Lanchester Road is a typically north London suburban architectural menagerie. It is a fruity mix of mock-Tudor, postwar flats, brick, pebble-dash and half-timbering. Even amid this variety however, it is difficult to miss the latest addition to the streetscape, Highgate House. An austere brick mass with enormous windows, it looks like a carefully composed, serious-minded construction of a kind only rarely found in Britain. And it is one of the finest new houses in London.
Designed for a young family by architects Carmody Groarke, the house responds to a wedge-shaped site determined by its position on one corner of a U-shaped road. Its massing is determined by the houses to either side and the shape of that site plan. In its composition, if not its aesthetic, it bears some similarities with surrounding properties. Like some of those medieval-style houses, it has at its centre a hall, expressed to the street by a double-height opening in the tallest central block. Through this a circular roof light is visible. This acts as a kind of pivot around which the plan revolves and which casts a striking disk of light that moves across the interior surfaces during the day.
Despite its imposing mass, this is not a big house. Certainly that double-height hall/living space has great presence — and another double-height window gives an epic view of Highgate Wood behind — but the spaces here are at a domestic scale. The simple fireplace with its inglenook and travertine bench seating brings a more intimate scale to the volume. To the far side is a long, narrow pool space, lined in rich chocolate-coloured travertine. To the other side is the kitchen. The rooms are encased in dark fumed oak and the ceilings are in polished plaster, which gives a subtle sheen.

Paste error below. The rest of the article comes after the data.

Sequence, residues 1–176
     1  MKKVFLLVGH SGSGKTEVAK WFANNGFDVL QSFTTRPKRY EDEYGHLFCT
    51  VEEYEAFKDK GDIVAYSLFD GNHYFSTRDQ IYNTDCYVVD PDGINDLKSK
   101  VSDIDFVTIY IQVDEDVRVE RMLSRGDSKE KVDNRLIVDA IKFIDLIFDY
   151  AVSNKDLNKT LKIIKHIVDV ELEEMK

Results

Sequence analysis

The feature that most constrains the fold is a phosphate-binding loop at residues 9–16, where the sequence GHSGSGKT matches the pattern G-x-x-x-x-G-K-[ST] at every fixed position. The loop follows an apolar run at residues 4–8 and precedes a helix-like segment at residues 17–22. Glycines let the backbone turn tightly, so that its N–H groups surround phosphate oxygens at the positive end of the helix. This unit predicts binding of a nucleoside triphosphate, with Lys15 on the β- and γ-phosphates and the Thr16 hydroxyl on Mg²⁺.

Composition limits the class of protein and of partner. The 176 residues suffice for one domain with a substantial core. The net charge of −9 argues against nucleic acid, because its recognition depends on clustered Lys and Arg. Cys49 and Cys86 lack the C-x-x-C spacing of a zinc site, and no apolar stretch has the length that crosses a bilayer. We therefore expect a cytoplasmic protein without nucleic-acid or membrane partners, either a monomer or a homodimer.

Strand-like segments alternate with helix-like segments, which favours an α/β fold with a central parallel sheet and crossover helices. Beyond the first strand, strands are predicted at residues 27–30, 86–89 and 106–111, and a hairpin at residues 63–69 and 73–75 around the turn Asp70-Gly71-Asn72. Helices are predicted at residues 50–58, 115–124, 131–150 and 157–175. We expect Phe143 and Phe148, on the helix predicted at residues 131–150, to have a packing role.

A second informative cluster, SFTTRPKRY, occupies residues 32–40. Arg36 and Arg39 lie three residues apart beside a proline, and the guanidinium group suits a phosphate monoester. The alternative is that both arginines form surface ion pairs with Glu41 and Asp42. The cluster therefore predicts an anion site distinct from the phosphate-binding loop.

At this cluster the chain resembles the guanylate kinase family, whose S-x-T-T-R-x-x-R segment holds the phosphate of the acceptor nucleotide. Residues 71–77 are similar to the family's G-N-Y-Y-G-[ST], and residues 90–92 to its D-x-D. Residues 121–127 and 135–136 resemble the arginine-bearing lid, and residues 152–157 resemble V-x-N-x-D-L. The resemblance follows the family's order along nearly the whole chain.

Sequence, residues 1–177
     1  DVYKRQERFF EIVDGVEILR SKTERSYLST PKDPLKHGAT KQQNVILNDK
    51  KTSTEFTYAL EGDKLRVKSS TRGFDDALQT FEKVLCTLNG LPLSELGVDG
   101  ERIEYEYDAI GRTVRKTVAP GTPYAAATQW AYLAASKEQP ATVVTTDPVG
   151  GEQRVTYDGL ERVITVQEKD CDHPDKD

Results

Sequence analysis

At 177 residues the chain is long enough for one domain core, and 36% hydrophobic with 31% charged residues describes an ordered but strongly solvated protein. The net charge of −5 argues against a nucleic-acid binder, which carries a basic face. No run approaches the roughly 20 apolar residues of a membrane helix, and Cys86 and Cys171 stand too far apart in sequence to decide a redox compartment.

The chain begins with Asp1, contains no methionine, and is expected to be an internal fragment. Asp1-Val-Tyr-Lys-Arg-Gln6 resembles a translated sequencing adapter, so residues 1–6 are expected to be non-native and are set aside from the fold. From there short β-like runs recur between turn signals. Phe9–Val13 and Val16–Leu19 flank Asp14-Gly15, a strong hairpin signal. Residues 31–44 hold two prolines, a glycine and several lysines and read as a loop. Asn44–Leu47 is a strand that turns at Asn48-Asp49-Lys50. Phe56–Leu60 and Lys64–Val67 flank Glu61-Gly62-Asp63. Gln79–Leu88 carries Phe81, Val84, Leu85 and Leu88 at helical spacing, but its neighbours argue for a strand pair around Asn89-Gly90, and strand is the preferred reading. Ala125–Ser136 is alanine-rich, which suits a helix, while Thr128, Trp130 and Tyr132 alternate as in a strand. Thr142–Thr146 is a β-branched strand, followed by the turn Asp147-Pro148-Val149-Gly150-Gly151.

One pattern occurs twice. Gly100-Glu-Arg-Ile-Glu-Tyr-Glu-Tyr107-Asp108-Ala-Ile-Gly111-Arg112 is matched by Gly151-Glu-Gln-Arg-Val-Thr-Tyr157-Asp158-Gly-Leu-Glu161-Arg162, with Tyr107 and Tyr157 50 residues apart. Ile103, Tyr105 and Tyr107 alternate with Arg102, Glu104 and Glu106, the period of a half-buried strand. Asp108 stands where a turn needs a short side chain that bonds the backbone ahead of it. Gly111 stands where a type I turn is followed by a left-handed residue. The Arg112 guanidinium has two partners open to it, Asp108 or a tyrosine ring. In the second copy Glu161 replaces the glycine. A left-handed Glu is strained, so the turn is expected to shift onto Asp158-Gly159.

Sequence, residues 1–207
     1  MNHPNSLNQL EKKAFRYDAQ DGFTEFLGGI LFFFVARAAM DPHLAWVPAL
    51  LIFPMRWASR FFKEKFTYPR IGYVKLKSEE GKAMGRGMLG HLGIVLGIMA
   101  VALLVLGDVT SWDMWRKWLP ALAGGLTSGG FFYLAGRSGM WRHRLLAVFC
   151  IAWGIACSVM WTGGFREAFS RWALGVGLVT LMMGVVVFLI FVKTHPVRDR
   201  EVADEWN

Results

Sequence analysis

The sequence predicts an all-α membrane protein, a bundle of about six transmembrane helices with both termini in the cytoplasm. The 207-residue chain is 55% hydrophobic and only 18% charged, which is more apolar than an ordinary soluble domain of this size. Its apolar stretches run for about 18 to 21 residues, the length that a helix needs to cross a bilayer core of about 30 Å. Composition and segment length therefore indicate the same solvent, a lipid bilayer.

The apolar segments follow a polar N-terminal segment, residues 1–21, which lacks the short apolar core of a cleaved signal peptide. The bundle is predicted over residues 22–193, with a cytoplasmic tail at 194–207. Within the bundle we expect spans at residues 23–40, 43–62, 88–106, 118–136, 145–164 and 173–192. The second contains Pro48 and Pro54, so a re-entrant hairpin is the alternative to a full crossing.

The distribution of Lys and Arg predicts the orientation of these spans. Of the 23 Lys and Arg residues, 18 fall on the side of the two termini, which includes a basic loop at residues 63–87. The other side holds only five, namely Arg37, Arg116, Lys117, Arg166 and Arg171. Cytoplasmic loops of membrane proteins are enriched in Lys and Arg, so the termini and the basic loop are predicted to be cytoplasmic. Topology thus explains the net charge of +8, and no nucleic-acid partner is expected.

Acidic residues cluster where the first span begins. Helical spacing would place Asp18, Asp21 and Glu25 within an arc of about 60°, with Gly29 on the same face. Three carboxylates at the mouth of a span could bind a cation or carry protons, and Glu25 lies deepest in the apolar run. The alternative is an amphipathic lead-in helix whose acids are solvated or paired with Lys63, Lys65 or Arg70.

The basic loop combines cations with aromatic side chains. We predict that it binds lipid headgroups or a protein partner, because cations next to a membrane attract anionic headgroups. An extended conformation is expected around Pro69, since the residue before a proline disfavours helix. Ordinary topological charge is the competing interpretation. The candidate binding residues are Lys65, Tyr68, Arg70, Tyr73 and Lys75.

Upstairs a landing overlooking the central hall acts as an elevated living space or library, with one wall cloaked in dark oak bookshelves. To one side are the children’s rooms, to the other the adult bedrooms. There isn’t a surfeit of space or the kind of hyper-inflation of rooms and bathrooms that often comes with new houses. The floorspace is apparently approximately the same as that in the house it replaced, the house in which the client had grown up. The attention here has instead gone into the quality of materials and the crafting of the spaces, which are deceptively simple — seemingly straightforward but actually complex in the way they interlock and interweave. Sliding doors allow spaces to flow into each other but also allow the retention of discrete rooms rather than a vague open plan.
The openings very clearly express the scale and location of the rooms inside and the blocky, stacked composition allows for the creation of first-floor terraces. The rear of the house is not overlooked at all, allowing enormous openings while maintaining privacy. Where there are concerns, the architects have used perforated brick walls with translucent glass, creating a fuzzy checkerboard of light inside.
The Danish bricks used throughout are exquisite. Long, flat and variegated in their tone and texture, they have an almost Roman quality, appropriate to the sheer mass of this curious suburban house. The walls are load-bearing, which is unusual in Britain today. Although most new developments are faced in brick, the material is only used as a cladding. And you can feel the difference: the walls here seem to be working hard with a physical presence. There are hints of Adolf Loos and of the cosier end of Scandinavian modernism and yet more still of Swiss contemporary architecture; the perforated bricks in particular recall the work of Peter Zumthor. But they are blended into a north London tradition that spans from Arts and Crafts and Queen Anne, right through to a more modern idiom such as Jonathan Woolf and Tony Fretton. It is a rich and compelling addition to that varied, fascinating Finchley streetscape.
Photographs: Hélène Binet
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